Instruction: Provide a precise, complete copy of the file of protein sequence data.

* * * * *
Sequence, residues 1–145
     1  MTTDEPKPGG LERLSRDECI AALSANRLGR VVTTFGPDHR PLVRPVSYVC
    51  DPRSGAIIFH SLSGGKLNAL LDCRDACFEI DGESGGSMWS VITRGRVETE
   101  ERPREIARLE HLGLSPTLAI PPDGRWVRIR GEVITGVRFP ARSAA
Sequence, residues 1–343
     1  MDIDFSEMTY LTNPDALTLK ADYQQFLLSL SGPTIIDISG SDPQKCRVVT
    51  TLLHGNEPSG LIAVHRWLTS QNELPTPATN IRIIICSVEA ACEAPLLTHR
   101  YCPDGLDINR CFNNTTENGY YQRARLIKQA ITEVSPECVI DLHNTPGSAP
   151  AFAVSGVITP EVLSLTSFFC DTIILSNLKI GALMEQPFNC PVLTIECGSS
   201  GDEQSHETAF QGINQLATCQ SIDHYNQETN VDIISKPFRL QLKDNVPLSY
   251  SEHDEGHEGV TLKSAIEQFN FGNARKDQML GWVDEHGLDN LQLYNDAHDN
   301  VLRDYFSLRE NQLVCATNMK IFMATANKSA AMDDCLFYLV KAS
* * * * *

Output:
Sequence, residues 1–145
     1  MTTDEPKPGG LERLSRDECI AALSANRLGR VVTTFGPDHR PLVRPVSYVC
    51  DPRSGAIIFH SLSGGKLNAL LDCRDACFEI DGESGGSMWS VITRGRVETE
   101  ERPREIARLE HLGLSPTLAI PPDGRWVRIR GEVITGVRFP ARSAA
Sequence, residues 1–343
     1  MDIDFSEMTY LTNPDALTLK ADYQQFLLSL SGPTIIDISG SDPQKCRVVT
    51  TLLHGNEPSG LIAVHRWLTS QNELPTPATN IRIIICSVEA ACEAPLLTHR
   101  YCPDGLDINR CFNNTTENGY YQRARLIKQA ITEVSPECVI DLHNTPGSAP
   151  AFAVSGVITP EVLSLTSFFC DTIILSNLKI GALMEQPFNC PVLTIECGSS
   201  GDEQSHETAF QGINQLATCQ SIDHYNQETN VDIISKPFRL QLKDNVPLSY
   251  SEHDEGHEGV TLKSAIEQFN FGNARKDQML GWVDEHGLDN LQLYNDAHDN
   301  VLRDYFSLRE NQLVCATNMK IFMATANKSA AMDDCLFYLV KAS